NEWS ANALYSIS: Bank Reform Plan a Paper Tiger
When the International Monetary Fund and Russia agreed on a list of top economic policies to pursue, the only area lined out in any detail was reform of the failed banking system.
Quite right too. Anyone attempting to fix the nation's economic woes would have to place prime emphasis on creating a working banking sector.
The IMF-approved game plan includes the following:
?The Central Bank pledged in writing to stop "all targeted lending to specific sectors of the economy, including through earmarked lending to commercial banks." It also promises not to provide any new bank stabilization loans "or otherwise provide long-term credit to insolvent banks."
?Both the Central Bank and Prime Minister Sergei Stepashin's government have agreed to submit new legislation to the State Duma, the lower house of parliament, that would require banks to become more transparent. They would have to make annual public disclosure of key financial indicators; have annual accounts prepared and audited by a qualified firm; and publish quarterly reports.
?The government and the Central Bank also vow to introduce legislation to give sole responsibility for restructuring banks that receive public funds to the Agency for the Restructuring of Credit Organizations, or ARKO.
?Finally, state-owned Sberbank is singled out for attention. The program pledges a full and proper audit of the bank's operations and promises to come up with ways "to establish a level playing field for Sberbank to operate in a competitive environment."
These promises were offered up almost ritually, as part of the rain dance for more IMF cash. It's anyone's guess whether any of this will come about.
For one thing, the government can promise all it wants, but there is still the Duma to be reckoned with f amid an election season unlikely to focus lawmakers' minds on legislation.
Also, for all of the grand talk of transparency, the Central Bank in particular remains as opaque and inscrutable as the gnomes of Zurich. The agreement claims that the Central Bank has already taken important steps to improve transparency.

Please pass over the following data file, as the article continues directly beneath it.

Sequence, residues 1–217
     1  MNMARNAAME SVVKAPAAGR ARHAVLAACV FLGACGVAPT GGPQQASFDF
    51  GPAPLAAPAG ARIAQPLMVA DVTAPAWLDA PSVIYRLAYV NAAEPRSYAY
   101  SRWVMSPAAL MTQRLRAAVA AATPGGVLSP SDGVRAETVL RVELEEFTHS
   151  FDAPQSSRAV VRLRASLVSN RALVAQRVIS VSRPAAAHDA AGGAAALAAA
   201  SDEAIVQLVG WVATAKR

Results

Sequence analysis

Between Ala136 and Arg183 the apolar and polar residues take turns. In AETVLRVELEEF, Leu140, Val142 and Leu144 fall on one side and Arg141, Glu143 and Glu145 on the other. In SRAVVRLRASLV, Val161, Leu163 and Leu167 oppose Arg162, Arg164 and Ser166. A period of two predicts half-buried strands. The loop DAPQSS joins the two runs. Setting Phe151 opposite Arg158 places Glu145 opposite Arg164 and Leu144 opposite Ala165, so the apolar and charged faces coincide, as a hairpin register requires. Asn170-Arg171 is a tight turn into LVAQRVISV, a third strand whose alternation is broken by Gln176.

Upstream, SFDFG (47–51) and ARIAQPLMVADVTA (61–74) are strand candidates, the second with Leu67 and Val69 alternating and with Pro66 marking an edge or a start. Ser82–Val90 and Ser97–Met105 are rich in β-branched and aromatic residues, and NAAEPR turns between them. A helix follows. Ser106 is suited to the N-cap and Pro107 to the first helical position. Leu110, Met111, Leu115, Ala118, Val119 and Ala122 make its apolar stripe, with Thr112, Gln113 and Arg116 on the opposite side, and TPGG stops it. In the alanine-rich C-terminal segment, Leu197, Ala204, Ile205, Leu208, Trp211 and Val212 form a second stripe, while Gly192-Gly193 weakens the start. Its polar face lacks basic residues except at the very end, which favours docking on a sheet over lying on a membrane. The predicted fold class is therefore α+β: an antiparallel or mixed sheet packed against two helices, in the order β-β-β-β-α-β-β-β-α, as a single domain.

But what has it? Chairman Viktor Gerashchenko has earned a reputation for obfuscation and obstruction over matters concerning the notorious Financial Management Corporation, or FIMACO. The only concrete improvement in transparency the government could cite was the Central Bank's June 1998 decision to start publishing weekly data on reserves.
Lastly, these promises amount to the victory of ARKO over the Central Bank in the struggle for control of Russian bank reform. And the Central Bank, which has jealously eyed ARKO's encroachment, is unlikely to be in a hurry to surrender that control.
The Central Bank speaks about "system-forming" banks f but again, the Central Bank is so nontransparent that it is hard to say exactly which banks these might be. SBS-Agro, Rosbank, Alfa Bank, Sberbank, Avtobank and Bank of Moscow would seem to belong.
SBS-Agro has received billions of rubles, both in stabilization credits and in agricultural loans it is supposed to pass on to farmers. In a less-than-impressive display of transparency, no terms for the loans have been announced, and statements from authorities and SBS-Agro bank officials contradict one another.
Those loans would now dry up, according to the IMF-won pledges. And SBS-Agro would be expecting either bankruptcy or to be handed over to ARKO. Neither prospect seems likely.
The Central Bank has also stood idly for months while banks moved their assets into new, hastily formed institutions, leaving behind the debts.
One-time banking giants are left as rotting hulks while those who led them into ruin reappear at the head of the "new" banks, often using the same buildings and wearing the same designer suits and Rolex watches.
That the Central Bank could countenance such an impudently public shell game does not speak well for its dedication to harsh new regulations.